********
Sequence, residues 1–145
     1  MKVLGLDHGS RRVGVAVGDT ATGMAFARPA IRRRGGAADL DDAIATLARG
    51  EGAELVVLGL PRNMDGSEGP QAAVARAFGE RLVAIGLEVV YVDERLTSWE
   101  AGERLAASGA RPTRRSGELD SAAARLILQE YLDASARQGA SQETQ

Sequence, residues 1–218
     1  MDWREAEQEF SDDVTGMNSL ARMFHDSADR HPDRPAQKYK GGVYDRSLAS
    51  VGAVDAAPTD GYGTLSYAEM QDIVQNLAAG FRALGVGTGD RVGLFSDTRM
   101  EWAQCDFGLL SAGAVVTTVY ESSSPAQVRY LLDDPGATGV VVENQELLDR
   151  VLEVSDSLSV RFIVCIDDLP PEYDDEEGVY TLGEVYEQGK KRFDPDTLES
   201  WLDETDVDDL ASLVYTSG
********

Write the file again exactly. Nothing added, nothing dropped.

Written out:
Sequence, residues 1–145
     1  MKVLGLDHGS RRVGVAVGDT ATGMAFARPA IRRRGGAADL DDAIATLARG
    51  EGAELVVLGL PRNMDGSEGP QAAVARAFGE RLVAIGLEVV YVDERLTSWE
   101  AGERLAASGA RPTRRSGELD SAAARLILQE YLDASARQGA SQETQ

Sequence, residues 1–218
     1  MDWREAEQEF SDDVTGMNSL ARMFHDSADR HPDRPAQKYK GGVYDRSLAS
    51  VGAVDAAPTD GYGTLSYAEM QDIVQNLAAG FRALGVGTGD RVGLFSDTRM
   101  EWAQCDFGLL SAGAVVTTVY ESSSPAQVRY LLDDPGATGV VVENQELLDR
   151  VLEVSDSLSV RFIVCIDDLP PEYDDEEGVY TLGEVYEQGK KRFDPDTLES
   201  WLDETDVDDL ASLVYTSG